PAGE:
Monday was the deadline for Nick Rolovich to receive the first Pfizer COVID-19 shot and be on track to be fully vaccinated by Gov. Jay Inslee’s Oct. 18 deadline for public, private and charter school employees, but the Washington State football coach still isn’t elaborating on his vaccination status.

“I still plan on what I said,” he told reporters Monday during his weekly news conference via Zoom. “Following the mandate and in doing what I need to be the coach. That’s all I can really say about that.”

Rolovich, who is the highest-paid state employee in Washington at $3.2 million annually, announced in July that he had elected not to receive a COVID-19 vaccination “for reasons which will remain private.”

He was pressed Monday by reporters and continued to stay mum.

When asked if he would seek a religious or medical exemption, he said, “I’m not gonna talk about that.”

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Rules Inslee announced on Aug. 18 stated that all faculty, staff and contractors in higher education must be fully vaccinated by Oct. 18. The deadline to receive the first Moderna dose passed last week. The final day to receive the single-dose Johnson & Johnson vaccine would be Oct. 4.

Rolovich missed Pac-12 football media day in July, the only coach who didn’t attend.

Exemptions have been limited to medical and religious reasons, with personal reasons thrown out as an exemption in Washington. On Monday, Rolovich continued to evade questioning on his hesitation or elaborate on his status.

The WSU athletic department did not immediately respond Monday to a request for comment from Athletic Director Pat Chun.

Rolovich was pressed by KING 5’s Chris Daniels on the Zoom call:

Q: Have you received your shot or have you scheduled your shot?


A: Yeah I’m not going to talk about that, Chris. I understand what you guys are trying to get to, but …

Q: Are you seeking a religious or medical exemption?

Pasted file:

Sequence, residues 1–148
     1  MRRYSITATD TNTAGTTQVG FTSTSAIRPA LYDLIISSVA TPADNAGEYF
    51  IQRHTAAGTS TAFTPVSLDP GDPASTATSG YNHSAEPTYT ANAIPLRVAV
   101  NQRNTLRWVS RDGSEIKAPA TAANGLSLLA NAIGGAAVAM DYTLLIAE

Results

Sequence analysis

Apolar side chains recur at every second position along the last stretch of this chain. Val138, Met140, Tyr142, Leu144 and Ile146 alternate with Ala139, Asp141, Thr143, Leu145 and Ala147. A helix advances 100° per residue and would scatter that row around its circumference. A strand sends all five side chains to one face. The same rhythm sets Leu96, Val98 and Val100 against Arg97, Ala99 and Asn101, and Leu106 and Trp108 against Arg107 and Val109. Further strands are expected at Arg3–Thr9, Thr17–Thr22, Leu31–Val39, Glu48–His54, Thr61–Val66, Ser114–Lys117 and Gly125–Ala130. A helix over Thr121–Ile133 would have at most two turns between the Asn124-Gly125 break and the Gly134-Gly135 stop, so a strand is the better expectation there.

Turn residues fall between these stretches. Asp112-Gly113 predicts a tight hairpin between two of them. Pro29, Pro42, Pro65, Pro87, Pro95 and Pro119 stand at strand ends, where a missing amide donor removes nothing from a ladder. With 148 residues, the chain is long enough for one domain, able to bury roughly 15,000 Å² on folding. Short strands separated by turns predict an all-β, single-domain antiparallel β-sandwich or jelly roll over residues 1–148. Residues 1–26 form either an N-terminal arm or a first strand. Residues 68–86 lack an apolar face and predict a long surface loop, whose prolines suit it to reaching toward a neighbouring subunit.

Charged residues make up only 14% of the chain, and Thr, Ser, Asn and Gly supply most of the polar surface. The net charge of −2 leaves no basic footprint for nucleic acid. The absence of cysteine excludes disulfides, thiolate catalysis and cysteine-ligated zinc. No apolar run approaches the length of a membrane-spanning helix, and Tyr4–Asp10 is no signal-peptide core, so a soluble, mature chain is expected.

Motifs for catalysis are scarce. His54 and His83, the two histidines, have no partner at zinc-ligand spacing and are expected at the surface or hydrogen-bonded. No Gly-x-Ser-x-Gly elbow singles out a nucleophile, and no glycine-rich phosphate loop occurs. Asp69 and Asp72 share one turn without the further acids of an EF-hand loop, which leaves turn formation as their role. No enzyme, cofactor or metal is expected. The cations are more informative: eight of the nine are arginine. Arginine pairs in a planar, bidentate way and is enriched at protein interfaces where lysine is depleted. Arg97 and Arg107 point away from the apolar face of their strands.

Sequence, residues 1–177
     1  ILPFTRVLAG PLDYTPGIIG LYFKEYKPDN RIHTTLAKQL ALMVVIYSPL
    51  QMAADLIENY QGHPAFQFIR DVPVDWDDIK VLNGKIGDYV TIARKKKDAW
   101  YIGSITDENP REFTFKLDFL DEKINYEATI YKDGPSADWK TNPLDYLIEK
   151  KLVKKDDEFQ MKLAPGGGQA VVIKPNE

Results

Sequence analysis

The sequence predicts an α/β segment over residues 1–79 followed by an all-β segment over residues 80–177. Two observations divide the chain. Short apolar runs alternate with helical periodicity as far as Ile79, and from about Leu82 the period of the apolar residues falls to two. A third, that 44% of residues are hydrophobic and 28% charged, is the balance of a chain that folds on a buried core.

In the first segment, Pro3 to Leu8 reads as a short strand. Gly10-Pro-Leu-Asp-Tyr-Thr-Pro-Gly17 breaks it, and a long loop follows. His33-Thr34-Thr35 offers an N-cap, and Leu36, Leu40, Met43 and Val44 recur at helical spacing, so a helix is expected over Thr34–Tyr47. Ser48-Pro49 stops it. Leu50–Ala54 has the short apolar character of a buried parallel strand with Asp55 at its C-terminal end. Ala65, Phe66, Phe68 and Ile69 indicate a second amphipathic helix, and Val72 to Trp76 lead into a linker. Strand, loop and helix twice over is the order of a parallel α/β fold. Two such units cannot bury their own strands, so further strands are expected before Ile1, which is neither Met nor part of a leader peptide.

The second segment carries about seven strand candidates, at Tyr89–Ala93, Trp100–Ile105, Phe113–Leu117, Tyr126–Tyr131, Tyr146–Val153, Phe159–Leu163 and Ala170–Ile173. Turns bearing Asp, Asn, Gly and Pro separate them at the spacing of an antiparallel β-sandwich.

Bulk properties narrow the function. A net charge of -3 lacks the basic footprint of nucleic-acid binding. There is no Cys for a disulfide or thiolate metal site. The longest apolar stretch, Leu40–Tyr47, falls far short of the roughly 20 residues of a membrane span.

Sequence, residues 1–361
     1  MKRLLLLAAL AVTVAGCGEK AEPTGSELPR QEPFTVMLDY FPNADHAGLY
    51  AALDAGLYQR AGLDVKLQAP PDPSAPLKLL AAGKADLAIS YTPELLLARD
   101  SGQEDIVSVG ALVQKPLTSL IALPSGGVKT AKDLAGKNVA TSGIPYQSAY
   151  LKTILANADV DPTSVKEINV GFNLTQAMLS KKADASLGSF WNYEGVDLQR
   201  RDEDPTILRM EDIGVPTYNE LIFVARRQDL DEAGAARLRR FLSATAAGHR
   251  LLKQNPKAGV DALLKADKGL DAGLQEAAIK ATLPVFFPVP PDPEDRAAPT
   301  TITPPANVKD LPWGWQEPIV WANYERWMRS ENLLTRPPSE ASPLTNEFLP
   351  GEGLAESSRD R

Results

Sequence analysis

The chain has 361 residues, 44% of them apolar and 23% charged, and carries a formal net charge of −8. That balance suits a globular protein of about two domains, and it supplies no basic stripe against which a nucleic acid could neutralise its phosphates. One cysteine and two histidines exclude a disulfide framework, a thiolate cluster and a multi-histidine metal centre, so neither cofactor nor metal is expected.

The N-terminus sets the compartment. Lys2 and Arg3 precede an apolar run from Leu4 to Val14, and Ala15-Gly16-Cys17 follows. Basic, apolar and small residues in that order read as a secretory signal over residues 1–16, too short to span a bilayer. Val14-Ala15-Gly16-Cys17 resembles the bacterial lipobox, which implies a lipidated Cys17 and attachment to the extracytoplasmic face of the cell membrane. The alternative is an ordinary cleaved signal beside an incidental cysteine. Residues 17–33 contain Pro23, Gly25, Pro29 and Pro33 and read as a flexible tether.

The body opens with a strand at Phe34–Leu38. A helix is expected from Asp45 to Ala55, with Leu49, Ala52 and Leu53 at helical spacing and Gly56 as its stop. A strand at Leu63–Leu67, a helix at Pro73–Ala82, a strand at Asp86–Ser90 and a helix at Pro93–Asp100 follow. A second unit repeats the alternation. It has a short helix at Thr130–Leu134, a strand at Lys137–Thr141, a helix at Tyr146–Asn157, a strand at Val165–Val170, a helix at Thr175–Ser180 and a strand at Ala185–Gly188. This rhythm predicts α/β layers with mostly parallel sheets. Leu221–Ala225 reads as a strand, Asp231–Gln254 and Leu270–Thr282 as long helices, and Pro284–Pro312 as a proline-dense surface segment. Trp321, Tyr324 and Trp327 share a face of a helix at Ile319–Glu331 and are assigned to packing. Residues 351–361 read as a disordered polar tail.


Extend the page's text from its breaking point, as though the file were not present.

A: I’m not going to talk about that, either, Chris.

Q: What’s been your hesitation with talking about it or [being] more forthcoming?

A: I don’t know that it’s … all that positive to get deep into it with the media, the way it’s going, so I’m just going to try to keep that to myself and concentrate on being the coach here.

Q: But I think you can understand that you’re the highest-paid state employee, and there are fans, teachers and students that are upset about your stance on this, and your lack of insight about why you haven’t said that you’ve received the shot or not. How do you answer those people that are upset about your stance on this?

A: Uh … I’m sorry. I don’t know what else to say here.


Q: Well, there are people who have said you that should be suspended or terminated by Washington State University over your lack of, your lack of a statement on this, on whether you’re going to get a shot or not.

A: OK.

Q: I mean there are people that are upset and would like some clarity from the highest-paid employee in the state about whether they’re going to get the shot or not.

A: OK, I understand that.

Q: So again I’ll … will you get your shot or have you scheduled your shot?

A: I’m not going to answer that, Chris, and we’re going to move forward with USC at this point.

WSU, along with other pro and Division I college teams in Washington, announced a vaccine mandate for fans, or a negative test within 72 hours, to attend football games. That mandate for Cougars spectators goes into effect Oct. 9.

That hasn’t inspired Rolovich to be any more forthcoming.

Also on Monday, Billy Ray Stutzmann, the brother of Washington State co-offensive coordinator Craig Stutzmann, was fired from his role as an assistant coach at the Naval Academy for failure to be vaccinated or receive an exemption.


In August, the Pentagon announced that members of the United States military will be required to get the COVID-19 vaccine.

“Based on my religious convictions, and after much thought and prayer, I am unable to follow the requirements of the Naval Academy’s COVID-19 policy, as it has changed these last few months,” Billy Ray Stutzmann wrote on Twitter. “After applying for a religious exemption and attempting to further negotiate alternative working arrangements, I was ultimately relieved of my duties here at Navy. I continue to stand firm in my conviction of faith, but I understand and respect that each individual and institution has a choice on how they wish to manage these issues. I wish Navy football nothing but the best in the future.”

When asked Monday how that could affect Craig Stutzmann, Rolovich didn’t have an answer. It is unclear if Stutzmann is vaccinated but he has worn a mask on the Cougars sideline. Coaches who are fully vaccinated are not required to wear a mask on the sideline.

“That’s Craig’s business,” he said. “That’s up to Craig.”

Washington State faces USC this week and has four more games before the mandate kicks in for educators to be vaccinated.